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Have you ever done something really stupid? Not just silly. I mean stupid.

And then done it again. And again. For twenty friggin’ times?

And not even known it, until suddenly the light bulb comes on?

Suzi and I built our Catskill house in the fall of 2001, right in the midst of 9/11 aftermath. We built the house and immediately began with flower beds. One of them is devoted to mint and has been expanded over the years. We now have over fifty square feet of mint.

Mint juleps. Mint mojitos. Mint margaritas.

But with fall, the mint leaves sag and, when that frost hits, they blacken and disappear until the next May. I have fifty square feet of blackness.

I was looking this week for an eggplant recipe — one I never found — but I did see an accompaniment: mint chutney. Now, why, I asked myself, have I for over 20 years not bothered to make a last harvest of mint and make mint chutney. How wasteful? How stupid?

My thanks to Melissa Clark for this recipe which is bright and minty and powerful. And easy. She says to mix it up in a blender and you can, but I think a mini food processor would be easier. I still have 49 square feet of mint leaves, so I will be making more before darkness descends to the earth.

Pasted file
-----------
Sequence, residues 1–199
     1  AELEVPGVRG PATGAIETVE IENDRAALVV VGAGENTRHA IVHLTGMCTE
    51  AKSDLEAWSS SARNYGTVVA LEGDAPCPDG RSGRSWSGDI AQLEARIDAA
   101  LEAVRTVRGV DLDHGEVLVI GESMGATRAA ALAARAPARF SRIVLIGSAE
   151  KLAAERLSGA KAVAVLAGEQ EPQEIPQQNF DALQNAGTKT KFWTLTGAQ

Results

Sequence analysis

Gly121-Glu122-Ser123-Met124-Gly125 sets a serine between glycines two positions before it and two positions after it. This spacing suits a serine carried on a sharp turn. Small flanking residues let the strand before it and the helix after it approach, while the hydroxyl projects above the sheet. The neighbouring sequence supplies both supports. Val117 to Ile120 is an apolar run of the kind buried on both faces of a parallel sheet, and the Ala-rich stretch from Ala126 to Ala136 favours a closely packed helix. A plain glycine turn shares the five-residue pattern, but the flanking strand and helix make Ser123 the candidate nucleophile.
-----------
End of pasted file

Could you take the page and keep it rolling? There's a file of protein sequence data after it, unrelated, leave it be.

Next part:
Use this chutney on lamb, on chicken, on pork. Chops or roast or thighs. They’ll all benefit from the snappy tones of mint [and cilantro]. It’s a green recipe for sure.

This is not quite the original recipe. I’m using pickled jalapenos instead of raw. And the simple syrup at the end is a possible penance for that sin.

Mint Chutney

Yield: about 1 cup


  • 1 cup packed mint leaves [packed firmly, not actually mashed together]
  • 1 cup cilantro leaves [packed firmly]
  • 5-10 wedges of pickles jalapeno, depending on your passion for heat, and I prefer the sweet pickled jalapenos, not the pure fire variety
  • 1 scallion cut into 1-inch pieces
  • 1 garlic clove, crushed
  • Juice of ½ lemon, plus more as needed
  • Pinch of salt, plus more as needed
  • 2 tablespoons cold water
  • 1 tablespoon simple syrup


Put all the ingredients in a blender, or, better that mini-food processor. Blend until uniform in texture, about 1-2 minutes. If using a blender, you’ll need to stop a few times and scrap the chutney down for true mixing — which is why the food processor is probably better.

Taste and, if necessary, add some more water or lemon juice or salt.

If there is too much heat from the jalapenos, then cool it all off with the simple syrup.

Store in a glass container in your fridge. For how long? I’m going to find out. You’ve got a couple of weeks for sure.

Source: Melissa Clark, The New York Times